Using Let’s Encrypt with Certificate Based Authentication

For one of my sites I wanted to use TLS client authentication. It’s easy enough to setup in Apache:

apache2.conf
<VirtualHost *:80>

RewriteEngine On
RewriteRule (.*) https://%{SERVER_NAME}$1 [R=301,L]
</VirtualHost>

<VirtualHost *:443>

SSLEngine on
SSLCertificateFile /etc/letsencrypt/live/example.com/cert.pem
SSLCertificateKeyFile /etc/letsencrypt/live/example.com/privkey.pem
SSLCertificateChainFile /etc/letsencrypt/live/example.com/chain.pem
SSLVerifyClient require
SSLVerifyDepth 1
SSLCACertificateFile /srv/apache/data/root.crt
SSLRequire (%{SSL_CLIENT_S_DN_CN} == "Me") \
|| (%{SSL_CLIENT_S_DN_CN} == "Myself") \
|| (%{SSL_CLIENT_S_DN_CN} == "Irene")
SSLUserName SSL_CLIENT_S_DN_CN
</VirtualHost>

And this worked just fine for 90 days or so. More precisely, it worked until CertBot had to update my Let’s Encrypt certificate.

Guess what? Let’s Encrypt doesn’t have knowledge of my client certificate and thus handshake fails. Error message is not really helpful as “tls: unexpected message” doesn’t really point you to the correct path. Fortunately, I actually remembered my certificate shenanigans and thus was able to debug it quite quickly. Issue verification was as easy as dropping certificate requirements made my renewal work again.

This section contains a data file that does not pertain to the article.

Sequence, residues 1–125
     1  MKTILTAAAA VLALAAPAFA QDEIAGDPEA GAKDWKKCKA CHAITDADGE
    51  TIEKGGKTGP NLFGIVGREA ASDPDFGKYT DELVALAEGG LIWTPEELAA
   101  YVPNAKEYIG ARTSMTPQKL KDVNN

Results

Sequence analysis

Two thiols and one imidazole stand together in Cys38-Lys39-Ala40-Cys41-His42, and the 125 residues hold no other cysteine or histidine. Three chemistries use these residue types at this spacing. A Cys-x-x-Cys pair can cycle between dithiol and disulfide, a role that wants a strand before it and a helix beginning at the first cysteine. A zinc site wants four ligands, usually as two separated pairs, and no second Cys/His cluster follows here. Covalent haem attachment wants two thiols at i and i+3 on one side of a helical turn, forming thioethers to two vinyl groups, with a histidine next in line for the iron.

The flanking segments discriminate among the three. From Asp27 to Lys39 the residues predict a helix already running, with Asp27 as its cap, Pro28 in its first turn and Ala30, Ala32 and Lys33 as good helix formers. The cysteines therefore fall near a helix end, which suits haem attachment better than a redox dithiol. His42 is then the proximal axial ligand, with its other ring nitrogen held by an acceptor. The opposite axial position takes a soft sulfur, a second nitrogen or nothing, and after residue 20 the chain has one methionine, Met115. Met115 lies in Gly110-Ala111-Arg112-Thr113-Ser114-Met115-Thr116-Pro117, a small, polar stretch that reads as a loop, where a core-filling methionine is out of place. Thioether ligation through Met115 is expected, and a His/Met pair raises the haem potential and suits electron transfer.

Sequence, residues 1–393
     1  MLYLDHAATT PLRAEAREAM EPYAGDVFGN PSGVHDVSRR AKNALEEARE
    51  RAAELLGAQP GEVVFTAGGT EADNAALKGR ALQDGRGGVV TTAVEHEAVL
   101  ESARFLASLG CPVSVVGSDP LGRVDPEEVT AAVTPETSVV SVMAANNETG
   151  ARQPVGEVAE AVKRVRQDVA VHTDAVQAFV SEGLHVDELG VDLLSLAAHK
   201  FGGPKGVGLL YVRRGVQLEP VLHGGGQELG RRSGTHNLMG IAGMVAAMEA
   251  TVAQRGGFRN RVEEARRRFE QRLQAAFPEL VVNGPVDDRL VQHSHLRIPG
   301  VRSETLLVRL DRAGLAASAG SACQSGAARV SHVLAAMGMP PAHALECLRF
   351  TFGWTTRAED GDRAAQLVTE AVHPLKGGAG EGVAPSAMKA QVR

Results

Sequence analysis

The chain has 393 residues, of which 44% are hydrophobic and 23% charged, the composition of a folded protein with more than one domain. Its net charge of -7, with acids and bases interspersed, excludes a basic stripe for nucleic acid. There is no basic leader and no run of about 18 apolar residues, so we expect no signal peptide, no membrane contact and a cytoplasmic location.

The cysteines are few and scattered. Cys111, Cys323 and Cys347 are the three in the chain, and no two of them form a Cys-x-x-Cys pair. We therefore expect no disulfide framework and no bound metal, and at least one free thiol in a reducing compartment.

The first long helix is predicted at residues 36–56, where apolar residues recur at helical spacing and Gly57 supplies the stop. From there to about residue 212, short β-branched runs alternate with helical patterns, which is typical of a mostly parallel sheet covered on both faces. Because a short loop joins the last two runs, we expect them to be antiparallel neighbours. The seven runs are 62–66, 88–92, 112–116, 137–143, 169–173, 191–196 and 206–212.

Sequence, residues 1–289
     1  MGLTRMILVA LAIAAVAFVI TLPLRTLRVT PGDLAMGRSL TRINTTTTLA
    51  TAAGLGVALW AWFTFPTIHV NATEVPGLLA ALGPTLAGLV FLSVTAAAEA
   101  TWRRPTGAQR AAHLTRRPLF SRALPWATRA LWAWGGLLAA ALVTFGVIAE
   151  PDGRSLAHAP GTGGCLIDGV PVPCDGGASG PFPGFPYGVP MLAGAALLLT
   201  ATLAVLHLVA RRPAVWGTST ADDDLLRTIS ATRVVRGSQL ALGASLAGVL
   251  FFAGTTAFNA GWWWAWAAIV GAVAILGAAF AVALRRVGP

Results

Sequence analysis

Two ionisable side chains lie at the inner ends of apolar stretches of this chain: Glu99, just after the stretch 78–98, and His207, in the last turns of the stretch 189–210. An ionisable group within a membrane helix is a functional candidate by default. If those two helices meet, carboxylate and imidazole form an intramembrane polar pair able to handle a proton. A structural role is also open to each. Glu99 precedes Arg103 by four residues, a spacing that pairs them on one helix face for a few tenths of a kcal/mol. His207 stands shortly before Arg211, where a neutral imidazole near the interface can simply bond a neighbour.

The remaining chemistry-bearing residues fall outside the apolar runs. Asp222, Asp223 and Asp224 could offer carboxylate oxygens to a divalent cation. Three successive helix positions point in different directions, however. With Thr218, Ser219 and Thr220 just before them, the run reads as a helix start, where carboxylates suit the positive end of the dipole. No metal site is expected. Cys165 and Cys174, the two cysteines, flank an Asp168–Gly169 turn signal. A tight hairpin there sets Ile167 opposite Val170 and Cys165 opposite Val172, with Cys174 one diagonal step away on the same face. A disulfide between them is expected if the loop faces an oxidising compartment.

However, dropping certificates every month or two would not work for me. I wanted something that would work the same as automatic renewal for other Let’s Encrypt certificates. And no, you cannot set .well-known directory to use different validation. With TLS 1.3, you cannot change client requirements once connection is established. You’ll just get “Cannot perform Post-Handshake Authentication” error.

But, you know where you can play with locations to your heart’s content? In HTTP section. Instead of just redirecting to HTTPS, you want to carve small hole for CertBot verification.

apache2.conf
<VirtualHost *:80>

RewriteEngine On
RewriteRule (.*) https://%{SERVER_NAME}$1 [R=301,L]
<Location "/.well-known/">
RewriteEngine Off
</Location>
</VirtualHost>

Now Let’s Encrypt verifies renewal requests using HTTP which is not really a security issue as verification file is completely random and generated anew each time.

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